This site is supported by the advertisements on it, please disable your AdBlocker so we can continue to provide you with the quality content you expect.
  1. We are after as many aquarium plant images that we can get, doing so will assist us in completing the aquarium plant database.

    https://barrreport.com/threads/aquatic-plant-images-wanted.14374/
    Dismiss Notice

Suicide Raspboras

Discussion in 'Fish for Planted Tanks' started by brownleaf, Apr 30, 2020.

  1. brownleaf

    brownleaf Subscriber

    Joined:
    Sep 27, 2016
    Messages:
    8
    Likes Received:
    4
    Local Time:
    6:24 PM
    My harlequin rasboras seem prone to suicide by jumping out of the tank. I have a hypothesis ... but also want to check with the community here for any other ideas.

    This is my first serious high tech planted tank, and my first rimless and cover-less tank. Its a 18"x18"x36" (45 gallons or so) rimless tank, CO2 injection by conventional diffuser, filtering with Oase Biomaster 350 using a lily pipe outflow and a skimmer inflow. Substrate is UNS Controsoil aquasoil capped with Seachem Fluorite. Lighting is two Kessil A350WE running lower than maximum brightness with a fairly short photoperiod Water parameters are
    kH 4-5 degrees
    GH ~12 degrees
    pH about 6.8 before CO2 comes on, drops to about 5.9 with CO2 Drop checker eventually gets to yellowish-green by the end of the day with pH at 5.9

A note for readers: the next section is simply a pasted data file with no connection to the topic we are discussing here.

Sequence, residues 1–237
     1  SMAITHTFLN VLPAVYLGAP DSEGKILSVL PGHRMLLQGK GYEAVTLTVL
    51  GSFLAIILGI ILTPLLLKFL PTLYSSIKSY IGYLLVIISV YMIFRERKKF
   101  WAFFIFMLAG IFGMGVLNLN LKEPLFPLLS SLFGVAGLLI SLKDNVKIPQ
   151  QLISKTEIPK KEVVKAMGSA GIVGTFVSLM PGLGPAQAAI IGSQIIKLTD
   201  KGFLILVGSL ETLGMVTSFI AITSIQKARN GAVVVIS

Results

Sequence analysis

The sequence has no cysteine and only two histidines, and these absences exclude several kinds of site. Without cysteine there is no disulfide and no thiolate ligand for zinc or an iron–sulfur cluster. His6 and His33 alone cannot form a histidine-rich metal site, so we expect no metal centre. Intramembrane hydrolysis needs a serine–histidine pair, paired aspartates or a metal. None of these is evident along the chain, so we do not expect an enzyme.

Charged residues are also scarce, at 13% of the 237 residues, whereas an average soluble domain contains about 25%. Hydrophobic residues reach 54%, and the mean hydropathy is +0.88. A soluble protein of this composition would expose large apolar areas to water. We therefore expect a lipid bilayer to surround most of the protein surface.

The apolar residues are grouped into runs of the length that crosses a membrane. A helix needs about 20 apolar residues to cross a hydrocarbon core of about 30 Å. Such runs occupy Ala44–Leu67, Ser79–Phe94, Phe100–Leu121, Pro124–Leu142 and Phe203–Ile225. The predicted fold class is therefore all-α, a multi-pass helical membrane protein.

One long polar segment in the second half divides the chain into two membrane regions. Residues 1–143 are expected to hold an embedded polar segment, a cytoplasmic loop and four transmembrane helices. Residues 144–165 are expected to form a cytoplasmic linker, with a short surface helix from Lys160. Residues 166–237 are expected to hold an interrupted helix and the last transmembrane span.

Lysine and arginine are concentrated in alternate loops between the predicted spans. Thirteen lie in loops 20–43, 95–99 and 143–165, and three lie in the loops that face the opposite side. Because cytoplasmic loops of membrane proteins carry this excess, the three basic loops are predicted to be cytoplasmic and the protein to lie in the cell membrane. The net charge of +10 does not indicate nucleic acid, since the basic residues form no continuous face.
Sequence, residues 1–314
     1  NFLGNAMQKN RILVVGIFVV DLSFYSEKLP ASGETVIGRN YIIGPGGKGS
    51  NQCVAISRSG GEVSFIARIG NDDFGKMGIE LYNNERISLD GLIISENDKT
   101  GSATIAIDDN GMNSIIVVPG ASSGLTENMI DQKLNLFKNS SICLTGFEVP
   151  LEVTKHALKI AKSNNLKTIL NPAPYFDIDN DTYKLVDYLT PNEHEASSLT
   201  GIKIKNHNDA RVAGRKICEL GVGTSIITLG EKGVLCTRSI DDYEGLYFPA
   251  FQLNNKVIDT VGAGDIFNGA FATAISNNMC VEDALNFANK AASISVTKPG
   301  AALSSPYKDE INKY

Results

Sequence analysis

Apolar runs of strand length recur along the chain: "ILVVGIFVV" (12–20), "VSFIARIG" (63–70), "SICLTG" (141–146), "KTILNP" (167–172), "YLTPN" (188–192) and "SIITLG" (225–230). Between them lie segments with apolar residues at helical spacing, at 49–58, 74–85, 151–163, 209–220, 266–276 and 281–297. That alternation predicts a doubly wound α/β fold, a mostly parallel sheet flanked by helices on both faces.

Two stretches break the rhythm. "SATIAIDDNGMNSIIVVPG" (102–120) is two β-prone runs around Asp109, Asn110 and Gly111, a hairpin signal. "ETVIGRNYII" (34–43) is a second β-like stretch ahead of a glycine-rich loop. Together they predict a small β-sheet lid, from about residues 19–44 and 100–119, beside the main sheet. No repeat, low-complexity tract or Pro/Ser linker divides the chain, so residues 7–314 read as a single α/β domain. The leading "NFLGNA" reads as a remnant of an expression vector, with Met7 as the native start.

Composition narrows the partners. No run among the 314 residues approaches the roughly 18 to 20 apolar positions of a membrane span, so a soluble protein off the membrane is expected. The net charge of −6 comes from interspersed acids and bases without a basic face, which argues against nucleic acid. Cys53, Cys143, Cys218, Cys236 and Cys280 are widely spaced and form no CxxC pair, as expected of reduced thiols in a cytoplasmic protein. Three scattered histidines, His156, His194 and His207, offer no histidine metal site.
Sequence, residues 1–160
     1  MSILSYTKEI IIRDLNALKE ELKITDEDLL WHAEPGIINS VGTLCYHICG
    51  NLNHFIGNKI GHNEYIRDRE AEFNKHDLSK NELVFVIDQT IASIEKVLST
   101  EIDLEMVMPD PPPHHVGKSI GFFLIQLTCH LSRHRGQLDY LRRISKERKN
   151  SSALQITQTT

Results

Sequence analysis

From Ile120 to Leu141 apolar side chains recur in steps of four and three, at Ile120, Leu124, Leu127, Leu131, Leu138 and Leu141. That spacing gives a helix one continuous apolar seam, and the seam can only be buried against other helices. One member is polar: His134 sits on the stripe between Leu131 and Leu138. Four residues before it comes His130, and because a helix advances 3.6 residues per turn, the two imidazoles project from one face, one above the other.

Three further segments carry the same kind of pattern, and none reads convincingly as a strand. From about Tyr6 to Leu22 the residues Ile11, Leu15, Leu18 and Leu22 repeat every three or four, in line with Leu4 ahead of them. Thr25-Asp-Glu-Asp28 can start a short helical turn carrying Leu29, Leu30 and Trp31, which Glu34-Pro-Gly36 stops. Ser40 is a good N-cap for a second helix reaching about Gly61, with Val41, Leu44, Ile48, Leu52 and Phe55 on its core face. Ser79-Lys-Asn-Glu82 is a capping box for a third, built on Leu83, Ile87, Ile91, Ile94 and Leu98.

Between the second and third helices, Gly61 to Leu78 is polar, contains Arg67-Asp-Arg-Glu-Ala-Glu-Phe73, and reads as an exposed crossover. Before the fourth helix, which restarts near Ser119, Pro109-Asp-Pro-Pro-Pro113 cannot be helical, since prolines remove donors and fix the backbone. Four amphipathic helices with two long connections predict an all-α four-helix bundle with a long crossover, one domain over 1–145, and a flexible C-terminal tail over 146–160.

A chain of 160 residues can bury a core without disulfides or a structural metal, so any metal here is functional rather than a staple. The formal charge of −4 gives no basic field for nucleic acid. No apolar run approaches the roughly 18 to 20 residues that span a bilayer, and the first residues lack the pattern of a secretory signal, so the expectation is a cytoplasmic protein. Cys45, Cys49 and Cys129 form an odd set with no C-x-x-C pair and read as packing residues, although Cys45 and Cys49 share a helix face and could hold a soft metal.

-- tap water here has pH 7.4-7.6; in this tank with the aquasoil substrate it lowers to about 6.8

    The tank took about a month to cycle fully before I added any livestock, and I've gotten through the first two months of the tanks life with only minor algae issues. So far the plant growth is pretty acceptable by my standards.

    the fauna includes a (dwindling) school of Rasbora Het, a (growing) school of white cloud minnows, a handful of otos and Amano shrimp and a few snails. The white clouds and otos went in first, then the harlequins and amano shrimp a couple weeks later. The white clouds spawned and the fry are growing up in a breeder net hanging in the tank.

    Only the harlequin rasboras are jumping out of the tank- I've lost 3 over the past few weeks since I added them. None of the minnows have leapt to their deaths.

    The pattern I notice is that the rasboras jump out some time in the early morning. In both cases of jumping (one fish the first time, two fish the second time), there were no jumpers at or after midnight but at 8am there was a dead fish or two on the floor. The morning after the double suicide, I also found one rasbora limply floating and thought it was dead but it swam away when I disturbed it and later in the day seemed perfectly normal.

    My current hypothesis is that the CO2 running before the lights turn on got too high without enough dissolved oxygen. I had the CO2 starting up 2.5hrs before the lights came on. The pH doesn't go below 5.9 in the morning but the tank is heavily planted. Even with lots of surface agitation and the skimmer keeping the surface free of scum, I wonder if the plant respiration is creating a low oxygen environment that the fish are trying to escape.